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Alfred L. Wilson
File:Alfred L Wilson.jpg
Technician Fifth Grade Alfred Wilson
Born 1919
Died 1944 (aged 24–25)
Place of birth Fairchance, Pennsylvania
Place of burial Maple Grove Cemetery Fairchance, Pennsylvania
Allegiance United States of America
Service/branch United States Army
Years of service 1943 - 1944
Rank Technician Fifth Grade
Unit 328th Infantry Regiment, 26th Infantry Division
Battles/wars World War II
Awards Medal of Honor

Alfred Leonard Wilson (September 18, 1919 – November 8, 1944) was a United States Army soldier who received the Medal of Honor for his heroic actions during World War II.

BiographyEdit

Wilson joined the Army from his birth city in March 1943[1] and by November 8, 1944 was serving as a technician fifth grade with the Medical Detachment of the 328th Infantry Regiment, 26th Infantry Division.[2] During a firefight on that day, near Bezange la Petite, France, Wilson was severely wounded but refused evacuation and continued to treat other injured soldiers until he fell unconscious. He died of his wounds and was posthumously awarded the Medal of Honor seven months later, on June 18, 1945.[2]

Wilson, aged 25 at his death, was buried at Maple Grove Cemetery in his hometown of Fairchance, Pennsylvania.[3]

Medal of Honor citationEdit

Technician Wilson's official Medal of Honor citation reads:

He volunteered to assist as an aid man a company other than his own, which was suffering casualties from constant artillery fire. He administered to the wounded and returned to his own company when a shellburst injured a number of its men. While treating his comrades he was seriously wounded, but refused to be evacuated by litter bearers sent to relieve him. In spite of great pain and loss of blood, he continued to administer first aid until he was too weak to stand. Crawling from 1 patient to another, he continued his work until excessive loss of blood prevented him from moving. He then verbally directed unskilled enlisted men in continuing the first aid for the wounded. Still refusing assistance himself, he remained to instruct others in dressing the wounds of his comrades until he was unable to speak above a whisper and finally lapsed into unconsciousness. The effects of his injury later caused his death. By steadfastly remaining at the scene without regard for his own safety, Cpl. Wilson through distinguished devotion to duty and personal sacrifice helped to save the lives of at least 10 wounded men.[4]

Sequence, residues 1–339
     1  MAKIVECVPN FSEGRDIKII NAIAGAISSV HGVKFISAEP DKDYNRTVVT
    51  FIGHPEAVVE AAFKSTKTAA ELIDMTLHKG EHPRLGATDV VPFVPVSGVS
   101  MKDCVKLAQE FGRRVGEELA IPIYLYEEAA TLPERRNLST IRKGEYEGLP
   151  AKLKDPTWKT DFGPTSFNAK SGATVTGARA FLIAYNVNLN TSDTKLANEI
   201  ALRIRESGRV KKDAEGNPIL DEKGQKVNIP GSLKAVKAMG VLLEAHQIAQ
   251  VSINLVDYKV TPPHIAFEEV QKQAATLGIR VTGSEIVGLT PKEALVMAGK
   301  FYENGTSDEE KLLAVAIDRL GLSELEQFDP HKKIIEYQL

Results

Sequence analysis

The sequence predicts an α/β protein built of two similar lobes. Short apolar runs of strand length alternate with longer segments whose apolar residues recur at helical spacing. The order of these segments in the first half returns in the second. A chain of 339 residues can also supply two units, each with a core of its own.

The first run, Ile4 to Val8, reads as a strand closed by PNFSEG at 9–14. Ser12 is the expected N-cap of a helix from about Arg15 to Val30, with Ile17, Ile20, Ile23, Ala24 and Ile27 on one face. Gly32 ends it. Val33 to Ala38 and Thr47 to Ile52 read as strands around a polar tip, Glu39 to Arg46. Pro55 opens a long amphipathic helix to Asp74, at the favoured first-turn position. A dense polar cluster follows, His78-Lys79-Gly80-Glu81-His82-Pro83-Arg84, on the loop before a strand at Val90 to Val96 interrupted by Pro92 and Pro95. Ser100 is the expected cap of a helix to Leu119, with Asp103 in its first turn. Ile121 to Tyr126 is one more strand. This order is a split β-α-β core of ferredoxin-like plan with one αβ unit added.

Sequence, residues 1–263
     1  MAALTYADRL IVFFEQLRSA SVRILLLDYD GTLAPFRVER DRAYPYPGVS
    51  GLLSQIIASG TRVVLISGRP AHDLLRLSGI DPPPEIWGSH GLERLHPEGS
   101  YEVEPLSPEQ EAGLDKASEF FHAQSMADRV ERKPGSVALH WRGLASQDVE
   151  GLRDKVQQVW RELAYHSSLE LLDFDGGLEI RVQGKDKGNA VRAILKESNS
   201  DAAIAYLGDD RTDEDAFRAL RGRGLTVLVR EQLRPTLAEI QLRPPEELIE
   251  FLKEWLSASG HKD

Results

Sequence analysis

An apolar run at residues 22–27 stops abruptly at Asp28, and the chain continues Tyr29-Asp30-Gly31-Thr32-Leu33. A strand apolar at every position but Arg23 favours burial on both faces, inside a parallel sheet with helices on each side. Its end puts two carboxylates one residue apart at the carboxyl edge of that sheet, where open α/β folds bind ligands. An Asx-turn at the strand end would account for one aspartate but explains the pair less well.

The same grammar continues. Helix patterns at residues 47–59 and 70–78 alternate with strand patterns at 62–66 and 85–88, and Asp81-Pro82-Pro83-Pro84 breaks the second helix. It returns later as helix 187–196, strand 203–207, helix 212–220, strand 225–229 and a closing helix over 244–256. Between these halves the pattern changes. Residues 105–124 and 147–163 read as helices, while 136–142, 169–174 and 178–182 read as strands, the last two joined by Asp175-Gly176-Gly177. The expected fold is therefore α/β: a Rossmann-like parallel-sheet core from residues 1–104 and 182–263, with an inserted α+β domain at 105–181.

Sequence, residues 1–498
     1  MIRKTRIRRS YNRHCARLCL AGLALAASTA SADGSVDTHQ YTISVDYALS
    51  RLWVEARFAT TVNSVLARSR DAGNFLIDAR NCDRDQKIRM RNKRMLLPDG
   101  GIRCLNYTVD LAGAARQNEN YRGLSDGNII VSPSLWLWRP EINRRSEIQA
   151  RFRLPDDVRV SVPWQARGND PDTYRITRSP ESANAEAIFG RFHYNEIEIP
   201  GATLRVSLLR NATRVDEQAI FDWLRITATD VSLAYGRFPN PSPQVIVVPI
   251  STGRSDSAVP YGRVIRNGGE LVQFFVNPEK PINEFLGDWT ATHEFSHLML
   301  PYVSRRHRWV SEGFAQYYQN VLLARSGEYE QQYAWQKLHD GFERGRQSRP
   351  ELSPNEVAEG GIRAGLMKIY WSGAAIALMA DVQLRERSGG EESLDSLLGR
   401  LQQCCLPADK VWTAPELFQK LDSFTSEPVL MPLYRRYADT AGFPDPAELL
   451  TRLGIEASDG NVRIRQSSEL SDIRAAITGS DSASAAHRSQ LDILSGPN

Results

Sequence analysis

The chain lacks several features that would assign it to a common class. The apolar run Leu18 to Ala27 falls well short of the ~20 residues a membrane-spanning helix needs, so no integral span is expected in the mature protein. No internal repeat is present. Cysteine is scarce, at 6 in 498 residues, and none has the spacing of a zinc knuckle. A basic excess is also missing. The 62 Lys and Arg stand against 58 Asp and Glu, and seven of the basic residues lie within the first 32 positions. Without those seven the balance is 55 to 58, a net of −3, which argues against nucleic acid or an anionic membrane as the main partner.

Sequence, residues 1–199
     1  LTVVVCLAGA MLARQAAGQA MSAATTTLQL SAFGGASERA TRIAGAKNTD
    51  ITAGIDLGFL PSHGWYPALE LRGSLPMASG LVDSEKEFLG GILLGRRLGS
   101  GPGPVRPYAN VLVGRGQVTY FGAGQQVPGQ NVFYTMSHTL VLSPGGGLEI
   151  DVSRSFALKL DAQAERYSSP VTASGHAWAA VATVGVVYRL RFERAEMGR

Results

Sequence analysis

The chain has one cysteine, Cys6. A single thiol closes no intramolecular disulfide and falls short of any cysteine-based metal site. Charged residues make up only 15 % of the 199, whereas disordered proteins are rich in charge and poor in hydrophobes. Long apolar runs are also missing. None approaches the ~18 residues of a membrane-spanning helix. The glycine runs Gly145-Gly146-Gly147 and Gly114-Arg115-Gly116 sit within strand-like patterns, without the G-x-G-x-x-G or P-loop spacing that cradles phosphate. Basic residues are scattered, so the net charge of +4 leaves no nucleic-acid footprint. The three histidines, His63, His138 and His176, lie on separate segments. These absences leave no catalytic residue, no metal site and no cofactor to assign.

See alsoEdit

ReferencesEdit

PD-icon.svg This article incorporates  from websites or documents of the United States Army Center of Military History.

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